Hailing from Maine's rocky coast, Kyle is an environmental scientist with an interest at the landscape scale. With more than two years living, studying, and working in Laos, Thailand, and Vietnam, Kyle has focused on issues ranging from forest carbon conservation to migratory fish tracking; from rural stakeholder mapping to low emission agriculture practices.

At the UC Berkeley Department of Environmental Science, Policy, and Management, Kyle is pursuing graduate research at the interface of landscape and climate. Kyle plans to find ways to better characterize ecosystem dynamics in managed agriculture, forest, and working-land systems for use in low emission development, integrated ecosystem restoration, and climate change adaptation programs.

Biking the Slow Road from China to Laos – Part 5/5

With additional writing by Will Stauffer-Norris  In five or ten years, we will come back to this place and zip from Kunming to Luang Prabang in mere hours on the new train. Maybe we will take a houseboat out for a spin on one of the Nam Ou dam reservoirs, or a zip line from peak…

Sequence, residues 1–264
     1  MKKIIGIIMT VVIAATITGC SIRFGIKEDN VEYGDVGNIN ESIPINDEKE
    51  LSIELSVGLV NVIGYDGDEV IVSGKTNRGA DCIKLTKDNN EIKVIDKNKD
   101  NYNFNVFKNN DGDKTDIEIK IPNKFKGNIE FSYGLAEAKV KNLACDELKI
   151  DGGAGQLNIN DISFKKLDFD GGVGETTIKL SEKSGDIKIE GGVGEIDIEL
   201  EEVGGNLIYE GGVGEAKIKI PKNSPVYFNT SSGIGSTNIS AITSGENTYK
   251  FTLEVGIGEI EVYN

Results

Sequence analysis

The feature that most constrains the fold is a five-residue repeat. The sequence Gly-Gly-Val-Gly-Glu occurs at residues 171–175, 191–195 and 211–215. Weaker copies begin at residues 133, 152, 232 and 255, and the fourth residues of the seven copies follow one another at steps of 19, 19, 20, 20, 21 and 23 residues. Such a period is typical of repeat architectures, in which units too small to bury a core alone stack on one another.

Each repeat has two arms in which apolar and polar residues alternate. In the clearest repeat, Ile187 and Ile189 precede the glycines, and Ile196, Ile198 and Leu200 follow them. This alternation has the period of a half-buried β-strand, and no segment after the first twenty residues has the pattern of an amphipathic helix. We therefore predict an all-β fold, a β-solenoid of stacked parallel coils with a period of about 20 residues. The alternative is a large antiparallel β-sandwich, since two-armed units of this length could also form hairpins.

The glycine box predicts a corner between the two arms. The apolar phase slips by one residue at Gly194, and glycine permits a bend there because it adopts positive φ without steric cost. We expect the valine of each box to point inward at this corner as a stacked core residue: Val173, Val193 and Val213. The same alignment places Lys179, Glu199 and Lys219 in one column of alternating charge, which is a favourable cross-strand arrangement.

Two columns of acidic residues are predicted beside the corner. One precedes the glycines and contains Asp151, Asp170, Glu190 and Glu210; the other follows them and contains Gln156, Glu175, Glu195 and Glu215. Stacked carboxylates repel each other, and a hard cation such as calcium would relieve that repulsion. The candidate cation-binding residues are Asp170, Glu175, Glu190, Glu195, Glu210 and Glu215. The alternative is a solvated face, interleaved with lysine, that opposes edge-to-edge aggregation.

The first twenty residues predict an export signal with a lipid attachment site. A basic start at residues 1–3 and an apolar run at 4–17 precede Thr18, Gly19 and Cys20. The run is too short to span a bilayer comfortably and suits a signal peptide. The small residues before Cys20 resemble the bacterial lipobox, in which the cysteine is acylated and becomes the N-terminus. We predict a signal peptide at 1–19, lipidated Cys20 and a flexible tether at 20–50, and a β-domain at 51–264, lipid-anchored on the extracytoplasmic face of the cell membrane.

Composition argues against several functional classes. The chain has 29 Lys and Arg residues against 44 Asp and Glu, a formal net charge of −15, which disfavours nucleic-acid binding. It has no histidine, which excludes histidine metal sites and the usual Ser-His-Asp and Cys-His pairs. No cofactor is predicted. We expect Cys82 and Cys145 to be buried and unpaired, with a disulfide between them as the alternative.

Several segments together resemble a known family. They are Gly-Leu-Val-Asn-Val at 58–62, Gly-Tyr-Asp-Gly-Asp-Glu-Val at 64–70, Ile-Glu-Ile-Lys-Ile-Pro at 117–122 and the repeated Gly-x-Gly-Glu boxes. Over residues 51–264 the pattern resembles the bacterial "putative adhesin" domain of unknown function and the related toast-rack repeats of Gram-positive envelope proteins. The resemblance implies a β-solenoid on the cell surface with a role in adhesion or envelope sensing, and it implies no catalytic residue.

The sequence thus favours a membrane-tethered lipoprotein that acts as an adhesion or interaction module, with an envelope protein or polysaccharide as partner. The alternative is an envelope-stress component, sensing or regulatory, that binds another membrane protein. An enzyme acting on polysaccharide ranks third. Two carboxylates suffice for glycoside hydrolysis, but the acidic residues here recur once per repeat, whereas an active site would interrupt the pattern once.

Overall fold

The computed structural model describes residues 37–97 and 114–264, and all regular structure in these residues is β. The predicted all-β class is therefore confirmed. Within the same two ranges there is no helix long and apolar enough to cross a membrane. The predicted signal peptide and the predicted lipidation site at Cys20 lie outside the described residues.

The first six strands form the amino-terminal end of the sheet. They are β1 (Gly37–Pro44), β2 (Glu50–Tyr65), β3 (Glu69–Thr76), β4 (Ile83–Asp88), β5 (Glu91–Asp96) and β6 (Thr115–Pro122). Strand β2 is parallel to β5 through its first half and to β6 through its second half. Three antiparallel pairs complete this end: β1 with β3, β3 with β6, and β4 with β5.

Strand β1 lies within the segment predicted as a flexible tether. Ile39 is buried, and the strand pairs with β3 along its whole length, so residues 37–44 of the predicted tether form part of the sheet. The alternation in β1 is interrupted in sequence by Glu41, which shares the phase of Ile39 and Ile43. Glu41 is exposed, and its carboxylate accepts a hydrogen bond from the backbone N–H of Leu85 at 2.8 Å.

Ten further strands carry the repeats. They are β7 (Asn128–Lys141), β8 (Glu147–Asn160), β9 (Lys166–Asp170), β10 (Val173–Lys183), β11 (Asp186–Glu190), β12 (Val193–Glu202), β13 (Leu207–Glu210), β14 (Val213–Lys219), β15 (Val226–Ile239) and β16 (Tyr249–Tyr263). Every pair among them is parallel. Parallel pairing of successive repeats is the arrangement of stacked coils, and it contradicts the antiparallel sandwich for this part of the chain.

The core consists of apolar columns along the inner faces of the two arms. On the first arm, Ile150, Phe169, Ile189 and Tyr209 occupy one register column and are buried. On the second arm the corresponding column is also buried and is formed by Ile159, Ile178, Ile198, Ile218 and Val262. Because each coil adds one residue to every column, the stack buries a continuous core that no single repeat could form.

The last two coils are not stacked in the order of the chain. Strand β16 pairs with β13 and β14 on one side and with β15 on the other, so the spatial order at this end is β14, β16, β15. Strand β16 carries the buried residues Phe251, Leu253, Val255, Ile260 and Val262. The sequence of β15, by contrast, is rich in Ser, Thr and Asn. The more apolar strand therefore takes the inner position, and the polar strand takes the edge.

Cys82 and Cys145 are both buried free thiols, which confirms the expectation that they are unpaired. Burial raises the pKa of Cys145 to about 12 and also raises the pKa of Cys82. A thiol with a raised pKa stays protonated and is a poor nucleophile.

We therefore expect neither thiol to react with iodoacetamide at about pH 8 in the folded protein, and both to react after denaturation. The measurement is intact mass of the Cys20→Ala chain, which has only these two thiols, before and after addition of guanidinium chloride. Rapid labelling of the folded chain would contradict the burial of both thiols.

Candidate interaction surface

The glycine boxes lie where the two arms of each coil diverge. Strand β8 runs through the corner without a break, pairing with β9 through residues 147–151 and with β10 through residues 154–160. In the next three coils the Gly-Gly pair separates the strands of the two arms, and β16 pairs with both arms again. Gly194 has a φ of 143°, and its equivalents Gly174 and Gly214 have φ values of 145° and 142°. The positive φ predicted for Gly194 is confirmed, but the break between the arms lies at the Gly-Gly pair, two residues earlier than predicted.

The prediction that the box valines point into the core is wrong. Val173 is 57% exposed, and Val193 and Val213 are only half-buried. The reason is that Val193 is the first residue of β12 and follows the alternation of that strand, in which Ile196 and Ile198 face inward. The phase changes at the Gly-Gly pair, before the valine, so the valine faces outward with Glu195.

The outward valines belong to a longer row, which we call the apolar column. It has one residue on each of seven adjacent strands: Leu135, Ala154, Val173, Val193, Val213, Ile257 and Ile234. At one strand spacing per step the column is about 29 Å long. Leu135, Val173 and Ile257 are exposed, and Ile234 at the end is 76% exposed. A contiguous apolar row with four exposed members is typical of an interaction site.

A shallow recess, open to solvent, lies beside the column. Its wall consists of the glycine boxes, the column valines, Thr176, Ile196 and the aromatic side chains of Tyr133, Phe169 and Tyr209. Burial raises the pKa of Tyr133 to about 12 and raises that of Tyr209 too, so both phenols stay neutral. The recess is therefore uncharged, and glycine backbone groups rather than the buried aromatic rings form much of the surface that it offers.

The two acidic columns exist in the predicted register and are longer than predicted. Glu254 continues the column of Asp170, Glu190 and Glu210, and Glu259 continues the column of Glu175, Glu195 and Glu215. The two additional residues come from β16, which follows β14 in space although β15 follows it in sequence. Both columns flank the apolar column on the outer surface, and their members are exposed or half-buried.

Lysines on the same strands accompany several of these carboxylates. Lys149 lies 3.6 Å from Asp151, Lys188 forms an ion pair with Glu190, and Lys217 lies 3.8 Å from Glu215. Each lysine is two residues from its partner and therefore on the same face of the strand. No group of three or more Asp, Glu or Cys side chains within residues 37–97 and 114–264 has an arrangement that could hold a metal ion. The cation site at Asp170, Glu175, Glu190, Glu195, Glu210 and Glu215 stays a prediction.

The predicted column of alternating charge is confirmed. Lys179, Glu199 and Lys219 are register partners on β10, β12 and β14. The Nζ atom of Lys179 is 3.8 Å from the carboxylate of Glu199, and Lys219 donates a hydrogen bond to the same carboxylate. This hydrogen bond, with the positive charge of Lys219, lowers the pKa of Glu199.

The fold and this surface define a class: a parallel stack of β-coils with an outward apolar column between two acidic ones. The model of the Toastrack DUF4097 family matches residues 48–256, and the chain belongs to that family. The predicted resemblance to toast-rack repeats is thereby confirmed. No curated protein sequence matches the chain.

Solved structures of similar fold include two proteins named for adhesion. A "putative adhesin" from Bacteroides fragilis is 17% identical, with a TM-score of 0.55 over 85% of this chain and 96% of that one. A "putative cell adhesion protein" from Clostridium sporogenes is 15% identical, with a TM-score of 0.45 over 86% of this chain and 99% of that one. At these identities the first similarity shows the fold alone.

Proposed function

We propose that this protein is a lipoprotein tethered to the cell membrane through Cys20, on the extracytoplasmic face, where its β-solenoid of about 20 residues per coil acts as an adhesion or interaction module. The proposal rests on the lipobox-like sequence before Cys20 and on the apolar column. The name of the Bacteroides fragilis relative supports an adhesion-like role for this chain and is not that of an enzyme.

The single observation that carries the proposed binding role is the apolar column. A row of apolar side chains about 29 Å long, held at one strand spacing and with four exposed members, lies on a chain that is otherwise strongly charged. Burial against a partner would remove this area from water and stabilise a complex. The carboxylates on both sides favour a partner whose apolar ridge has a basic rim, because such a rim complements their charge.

Biking Along a Soon-to-Be-Dammed River in Laos – Part 4/5

With additional writing by Will Stauffer-Norris  Running the length of remote northern Laos’ Phongsali Province, the Nam Ou River is one of the Mekong’s largest tributaries. But the river that provides vital dietary protein and transport to people throughout this largely roadless watershed is about to be transformed. The Lao government has contracted a Chinese company…

Pedaling Along Power Lines in Northern Laos – Part 3/5

What would Daohu think? This question stuck with us through the days and weeks after meeting such an ambitious and inquisitive Hmong youth, at 3,600 feet, on the side of a mountain. We were seated in miniature plastic chairs, eating cucumber, the only alternative to the ubiquitous processed Chinese snacks sold in rural roadside shops…

Biking on Laos’ Future High Speed Rail Route – Part 2/5

With additional writing by Will Stauffer-Norris Following the proposed route of a high-speed rail—by bicycle, in the uplands of Southeast Asia—proves to be a challenging prospect. But our trek is necessary to truly understand how the massive new railroad would change the region’s cultural and physical landscape—its friction of terrain. We gawk at the landscape,…

Biking the Course of Southeast Asia’s Future High-Speed Railway – Part 1/5

It was 7:30 in the morning, and we were already blanketed with a thin film of fine red dust. Any relief the high-altitude provincial capital of Phongsali had given us from the mid-May heat was long gone. Our jet-black bicycles, gear piled atop them, were orange and silty as we rolled up, unexpectedly, to the…